Just recently, I heard that a friend was diagnosed with blood clots in his lungs. The news immediately brought back a lot of feelings and emotions. I was diagnosed with the same in 2014. Shortly after I heard the news of his diagnosis, I sent him a text message and asked if I could come see him. I did. I wanted to tell him of my experience, compare notes, and help him feel more comfortable with what he was facing.
Getting the news of pulmonary clots is a bit concerning and very scary. For clots to get to your lungs, they have to pass through your heart. When they do, you hope the whole clot goes through and none of it takes up residency there. To make sure that one did not, blood testing has to be done. That is just the beginning of blood testing. Cardiac enzyme test, clotting protein tests, genetic test, etc.
Treatment involves blood thinning medication for at least 6 months. Blood-thinning changes how your body regulates temperature and you become more prone to extreme temperatures. For example, the week after my diagnosis, my wife and son ran a 5K road race in Raleigh. I was registered and supposed to be out there with them but I couldn’t get half way up the staircase at home without getting out of breath. A road race was completely out of the question. The weather was a nice sunny 52 degrees for mid January in Raleigh. I was wearing jeans, a t-shirt, a sweatshirt, a jacket, a toboggan and gloves, AND I WAS STILL FREEZING! It was all due to the blood thinners.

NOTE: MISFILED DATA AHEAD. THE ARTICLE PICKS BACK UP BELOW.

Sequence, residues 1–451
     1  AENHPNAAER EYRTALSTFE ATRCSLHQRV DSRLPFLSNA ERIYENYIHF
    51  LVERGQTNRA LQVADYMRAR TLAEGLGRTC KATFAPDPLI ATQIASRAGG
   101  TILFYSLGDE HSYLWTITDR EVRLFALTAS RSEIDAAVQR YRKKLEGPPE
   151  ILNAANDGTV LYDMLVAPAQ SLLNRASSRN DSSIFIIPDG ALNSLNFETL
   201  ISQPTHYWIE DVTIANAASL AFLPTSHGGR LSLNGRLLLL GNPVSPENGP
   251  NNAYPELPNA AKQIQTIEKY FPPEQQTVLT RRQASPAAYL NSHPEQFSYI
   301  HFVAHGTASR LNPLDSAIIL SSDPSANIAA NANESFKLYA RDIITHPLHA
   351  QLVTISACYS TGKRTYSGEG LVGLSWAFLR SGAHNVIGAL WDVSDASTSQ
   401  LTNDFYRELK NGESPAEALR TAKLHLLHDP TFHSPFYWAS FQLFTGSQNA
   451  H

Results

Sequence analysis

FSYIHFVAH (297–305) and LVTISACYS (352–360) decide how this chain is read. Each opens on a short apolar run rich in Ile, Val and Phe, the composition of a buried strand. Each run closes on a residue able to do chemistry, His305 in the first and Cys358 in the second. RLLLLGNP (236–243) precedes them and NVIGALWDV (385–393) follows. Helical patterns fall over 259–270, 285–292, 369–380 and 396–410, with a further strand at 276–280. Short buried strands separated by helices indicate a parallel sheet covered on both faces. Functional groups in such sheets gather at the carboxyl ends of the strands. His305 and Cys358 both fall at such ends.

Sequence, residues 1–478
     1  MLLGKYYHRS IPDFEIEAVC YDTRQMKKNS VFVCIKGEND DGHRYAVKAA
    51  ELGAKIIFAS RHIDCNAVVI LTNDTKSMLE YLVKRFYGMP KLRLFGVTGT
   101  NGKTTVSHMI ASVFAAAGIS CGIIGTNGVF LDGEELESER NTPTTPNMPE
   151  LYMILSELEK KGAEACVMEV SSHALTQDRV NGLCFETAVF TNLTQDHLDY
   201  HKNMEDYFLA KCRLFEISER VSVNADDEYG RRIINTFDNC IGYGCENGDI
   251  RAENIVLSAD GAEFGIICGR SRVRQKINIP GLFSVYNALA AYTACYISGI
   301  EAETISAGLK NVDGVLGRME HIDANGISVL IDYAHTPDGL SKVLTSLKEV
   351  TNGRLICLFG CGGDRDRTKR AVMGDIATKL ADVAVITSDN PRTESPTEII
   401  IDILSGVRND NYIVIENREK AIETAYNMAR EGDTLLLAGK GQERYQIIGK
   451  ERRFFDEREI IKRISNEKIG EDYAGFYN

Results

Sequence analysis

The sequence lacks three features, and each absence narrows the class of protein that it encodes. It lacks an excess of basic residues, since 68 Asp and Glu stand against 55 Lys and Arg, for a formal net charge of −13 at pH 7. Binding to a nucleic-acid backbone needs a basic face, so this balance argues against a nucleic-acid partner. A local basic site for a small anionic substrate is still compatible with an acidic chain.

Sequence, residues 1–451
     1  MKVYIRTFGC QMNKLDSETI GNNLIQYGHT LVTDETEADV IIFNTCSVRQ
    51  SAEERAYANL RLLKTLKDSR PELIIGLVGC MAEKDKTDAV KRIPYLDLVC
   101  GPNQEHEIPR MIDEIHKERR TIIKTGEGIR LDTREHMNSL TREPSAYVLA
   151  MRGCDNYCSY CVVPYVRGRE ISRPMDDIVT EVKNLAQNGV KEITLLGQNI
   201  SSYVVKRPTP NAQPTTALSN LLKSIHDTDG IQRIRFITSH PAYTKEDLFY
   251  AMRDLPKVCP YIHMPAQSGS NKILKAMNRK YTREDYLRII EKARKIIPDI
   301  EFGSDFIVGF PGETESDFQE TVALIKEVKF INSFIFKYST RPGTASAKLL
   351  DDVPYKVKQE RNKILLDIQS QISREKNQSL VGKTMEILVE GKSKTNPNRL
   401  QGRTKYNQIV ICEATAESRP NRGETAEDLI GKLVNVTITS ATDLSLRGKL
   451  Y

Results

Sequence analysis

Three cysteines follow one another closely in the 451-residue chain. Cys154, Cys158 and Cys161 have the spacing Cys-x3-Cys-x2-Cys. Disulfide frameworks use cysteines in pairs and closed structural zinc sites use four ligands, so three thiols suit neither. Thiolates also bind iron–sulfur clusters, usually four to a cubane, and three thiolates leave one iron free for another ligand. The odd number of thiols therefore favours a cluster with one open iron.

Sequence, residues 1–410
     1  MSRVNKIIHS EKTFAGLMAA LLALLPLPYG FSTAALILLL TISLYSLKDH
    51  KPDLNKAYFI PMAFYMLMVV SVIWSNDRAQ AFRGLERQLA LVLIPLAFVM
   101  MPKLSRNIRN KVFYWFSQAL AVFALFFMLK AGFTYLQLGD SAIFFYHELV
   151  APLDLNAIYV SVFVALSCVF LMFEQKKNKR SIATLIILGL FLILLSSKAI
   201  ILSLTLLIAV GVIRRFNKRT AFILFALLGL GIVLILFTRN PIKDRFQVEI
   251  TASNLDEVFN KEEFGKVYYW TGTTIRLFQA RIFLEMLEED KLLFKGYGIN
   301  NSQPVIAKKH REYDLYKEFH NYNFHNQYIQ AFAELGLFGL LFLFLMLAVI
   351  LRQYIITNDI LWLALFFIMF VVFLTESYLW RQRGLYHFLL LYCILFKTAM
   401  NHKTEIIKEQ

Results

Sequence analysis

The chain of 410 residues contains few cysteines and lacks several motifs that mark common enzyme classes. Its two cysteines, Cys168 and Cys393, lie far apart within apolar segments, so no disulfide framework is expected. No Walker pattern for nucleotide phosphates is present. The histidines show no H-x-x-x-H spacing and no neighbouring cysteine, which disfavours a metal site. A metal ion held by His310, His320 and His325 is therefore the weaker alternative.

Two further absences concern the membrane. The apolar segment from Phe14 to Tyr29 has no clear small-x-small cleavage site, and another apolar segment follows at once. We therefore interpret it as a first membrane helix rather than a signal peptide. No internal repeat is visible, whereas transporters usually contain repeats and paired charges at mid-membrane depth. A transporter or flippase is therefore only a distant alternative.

When I was diagnosed and when I visited my friend, I was reminded of my purpose in life and why I take care of myself. My purpose is to support my family, mold my son into an independent, respectful person that is a productive member of society, and help better the lives of others through fitness. I cannot do that to the best of my ability unless I take care of myself. I have to take care of myself so that I can help others.
Every so often, we need to take stock of ourselves and our lives to see if we’re still on track with the goals we have set out to achieve. If not, adjustments have to be made. There is no better motivator than our reason for “being” and our purpose in life.
So, I ask you, what is your purpose for being? What motivates you to be healthy, be fit, grow as a person? Are you evaluating all that from time to time and then making adjustments to the plan to keep moving forward? Or are you just flying through life hoping that it all just falls into place?